But the South Bend, Indiana mayor’s campaign pushed back, telling Fox News and other outlets that Buttigieg has been discussing his health care plans since he launched his presidential exploratory committee in January. They note that Buttigieg specifically mentioned his "Medicare for All Who Want It" plan more than two months before Biden officially declared his candidacy in late April.
They point to a Feb. 15 interview on PBS' "NewsHour" where Buttigieg said “there are some legitimate questions about the pathway to Medicare for All. The flavor that I prefer is what I would call Medicare for All Who Want It.”
“In other words, take a version of Medicare, or something like it, make it available as a public option on the exchange, and then if people like me are right that this will over time become the most efficient and preferred means, then this will be a very natural glide path to a single-payer environment,” the candidate explained at the time.
Biden calls for expanding the Affordable Care Act, the signature health care law created during then-President Barack Obama’s administration in which Biden served as vice president. Biden is pushing to add a “public option” that would allow people to select a government health insurance plan, while others could continue using their private insurance.
Biden’s comments come as Buttigieg has soared in recent polling in Iowa and New Hampshire, the first two states to hold contests in the presidential caucus and primary nominating calendar.
Buttigieg is now firmly part of the top tier of candidates in both states, along with Biden and populist Sens. Bernie Sanders of Vermont and Elizabeth Warren of Massachusetts. Sanders and Warren – the two progressives standard-bearers in the large Democratic presidential field – both strongly support a government-run Medicare-for-all type health care system.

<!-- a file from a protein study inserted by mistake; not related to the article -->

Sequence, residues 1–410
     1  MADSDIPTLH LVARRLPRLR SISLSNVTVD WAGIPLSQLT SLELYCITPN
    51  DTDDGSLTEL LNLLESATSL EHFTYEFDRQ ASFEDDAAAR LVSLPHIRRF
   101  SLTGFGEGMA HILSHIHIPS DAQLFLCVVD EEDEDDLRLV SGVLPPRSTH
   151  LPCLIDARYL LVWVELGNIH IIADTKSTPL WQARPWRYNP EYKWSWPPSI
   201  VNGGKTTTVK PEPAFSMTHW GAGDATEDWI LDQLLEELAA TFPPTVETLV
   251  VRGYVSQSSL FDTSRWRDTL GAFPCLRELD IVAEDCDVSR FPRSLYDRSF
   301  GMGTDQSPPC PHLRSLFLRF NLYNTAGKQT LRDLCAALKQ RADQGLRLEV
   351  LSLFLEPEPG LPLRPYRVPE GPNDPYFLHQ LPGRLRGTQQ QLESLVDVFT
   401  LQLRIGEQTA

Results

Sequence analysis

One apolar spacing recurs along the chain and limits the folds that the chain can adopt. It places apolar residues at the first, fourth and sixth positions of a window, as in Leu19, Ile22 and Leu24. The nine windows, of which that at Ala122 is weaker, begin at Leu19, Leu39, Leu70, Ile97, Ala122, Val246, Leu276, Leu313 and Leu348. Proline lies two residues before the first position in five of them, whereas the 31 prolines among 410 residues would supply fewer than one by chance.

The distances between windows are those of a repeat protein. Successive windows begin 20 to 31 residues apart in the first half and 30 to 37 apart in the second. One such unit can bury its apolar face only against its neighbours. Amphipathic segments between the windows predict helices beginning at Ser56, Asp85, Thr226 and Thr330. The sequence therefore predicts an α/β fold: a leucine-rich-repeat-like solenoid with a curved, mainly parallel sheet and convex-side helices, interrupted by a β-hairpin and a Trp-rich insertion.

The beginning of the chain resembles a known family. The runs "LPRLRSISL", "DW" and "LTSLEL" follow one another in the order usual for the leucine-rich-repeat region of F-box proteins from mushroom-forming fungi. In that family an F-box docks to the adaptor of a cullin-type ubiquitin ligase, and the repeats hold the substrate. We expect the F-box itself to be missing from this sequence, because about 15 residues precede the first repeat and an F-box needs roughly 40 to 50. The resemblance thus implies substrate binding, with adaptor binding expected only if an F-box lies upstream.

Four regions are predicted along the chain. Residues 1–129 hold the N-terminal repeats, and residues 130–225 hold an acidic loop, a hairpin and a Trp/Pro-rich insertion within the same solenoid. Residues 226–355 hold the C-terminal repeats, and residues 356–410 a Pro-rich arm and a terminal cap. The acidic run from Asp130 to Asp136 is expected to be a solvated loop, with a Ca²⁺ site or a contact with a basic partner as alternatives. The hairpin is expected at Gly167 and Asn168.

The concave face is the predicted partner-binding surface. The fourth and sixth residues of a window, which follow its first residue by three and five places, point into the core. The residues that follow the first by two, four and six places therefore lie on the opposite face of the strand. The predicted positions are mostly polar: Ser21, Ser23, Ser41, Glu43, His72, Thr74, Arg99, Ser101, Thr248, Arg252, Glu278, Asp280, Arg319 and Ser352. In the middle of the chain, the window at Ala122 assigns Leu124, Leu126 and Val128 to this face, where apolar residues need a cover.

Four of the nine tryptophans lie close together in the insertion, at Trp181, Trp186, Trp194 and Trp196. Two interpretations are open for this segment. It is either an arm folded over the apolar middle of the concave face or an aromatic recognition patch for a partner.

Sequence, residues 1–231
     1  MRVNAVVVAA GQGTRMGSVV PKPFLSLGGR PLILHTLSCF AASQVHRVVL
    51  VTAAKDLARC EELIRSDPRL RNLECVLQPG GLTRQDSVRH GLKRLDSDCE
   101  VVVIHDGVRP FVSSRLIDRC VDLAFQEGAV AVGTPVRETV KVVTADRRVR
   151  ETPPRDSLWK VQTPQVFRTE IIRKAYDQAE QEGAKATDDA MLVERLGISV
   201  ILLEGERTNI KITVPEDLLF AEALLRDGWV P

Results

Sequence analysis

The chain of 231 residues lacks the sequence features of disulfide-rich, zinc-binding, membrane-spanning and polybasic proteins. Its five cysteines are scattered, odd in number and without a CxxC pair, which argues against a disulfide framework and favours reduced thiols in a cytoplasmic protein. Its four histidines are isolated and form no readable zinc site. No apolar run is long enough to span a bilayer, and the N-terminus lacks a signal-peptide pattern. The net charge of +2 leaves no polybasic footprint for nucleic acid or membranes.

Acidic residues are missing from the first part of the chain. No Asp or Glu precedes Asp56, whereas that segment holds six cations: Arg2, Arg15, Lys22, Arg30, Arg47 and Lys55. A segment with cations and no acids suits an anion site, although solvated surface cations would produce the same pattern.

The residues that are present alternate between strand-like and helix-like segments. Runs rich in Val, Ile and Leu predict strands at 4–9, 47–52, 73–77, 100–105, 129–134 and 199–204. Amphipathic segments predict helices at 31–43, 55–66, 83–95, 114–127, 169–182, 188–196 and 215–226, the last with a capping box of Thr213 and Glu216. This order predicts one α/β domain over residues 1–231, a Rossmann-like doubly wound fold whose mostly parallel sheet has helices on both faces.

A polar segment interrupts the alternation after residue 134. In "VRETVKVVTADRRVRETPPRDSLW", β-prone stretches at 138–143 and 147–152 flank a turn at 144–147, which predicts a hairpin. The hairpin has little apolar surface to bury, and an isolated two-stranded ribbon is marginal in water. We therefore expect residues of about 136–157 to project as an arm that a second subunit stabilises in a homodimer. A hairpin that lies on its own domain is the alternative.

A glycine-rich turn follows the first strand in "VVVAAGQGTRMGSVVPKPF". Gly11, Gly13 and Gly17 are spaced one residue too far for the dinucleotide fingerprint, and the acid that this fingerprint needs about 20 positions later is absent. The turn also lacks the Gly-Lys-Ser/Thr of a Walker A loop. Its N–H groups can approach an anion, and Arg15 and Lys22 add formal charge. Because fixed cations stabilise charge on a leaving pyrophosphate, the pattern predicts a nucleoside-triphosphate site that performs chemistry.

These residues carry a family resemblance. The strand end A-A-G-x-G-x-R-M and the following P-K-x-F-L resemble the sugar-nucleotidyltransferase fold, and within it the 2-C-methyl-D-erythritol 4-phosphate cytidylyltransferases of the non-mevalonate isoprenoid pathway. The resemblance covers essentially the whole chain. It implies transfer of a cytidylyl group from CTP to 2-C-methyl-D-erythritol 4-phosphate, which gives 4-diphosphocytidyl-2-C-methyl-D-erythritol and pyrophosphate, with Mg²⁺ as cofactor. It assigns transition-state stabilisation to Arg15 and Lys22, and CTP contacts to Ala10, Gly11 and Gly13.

Asked during his interview aboard the bus whether Buttigieg now had the enthusiasm, he again scoffed. “No, he doesn’t have the enthusiasm and the moderate — moderate plan. It’s the Biden plan.”
And Biden, who’s received intense media scrutiny since even before he launched his campaign, scolded reporters for allegedly going too easy on Buttigieg. He said that the media would have heavily criticized him if he had copied another rival’s plans.
“What would you have done to me? You’d have torn my ears off,” the former vice president said.
Biden’s been asked numerous times about Buttigieg during his bus tour, which kicked off during the Thanksgiving holiday weekend. But his critical comments on Monday were his strongest to date.
Fox News reached out to the Buttigieg campaign, but top officials passed on directly responding to the former vice president’s jabs.
Biden also took aim at Warren, dismissing her rise in the polls during the summer and autumn.
“Look at the polling everywhere. Tell me. Tell me where the polling has manifested itself,” Biden argued. “She lives in Massachusetts, she’s invested millions and millions of dollars in New Hampshire, why shouldn’t she be known there?”
While the Warren campaign has spent generously to build a formidable organization and place plenty of boots on the ground in New Hampshire, campaign spokesman Chris Hayden told Fox News that "our campaign is not on air in New Hampshire, and we didn't run any TV ads during her 2018 re-election."
Fox News' Tara Prindiville and Madeleine Rivera contributed to this report.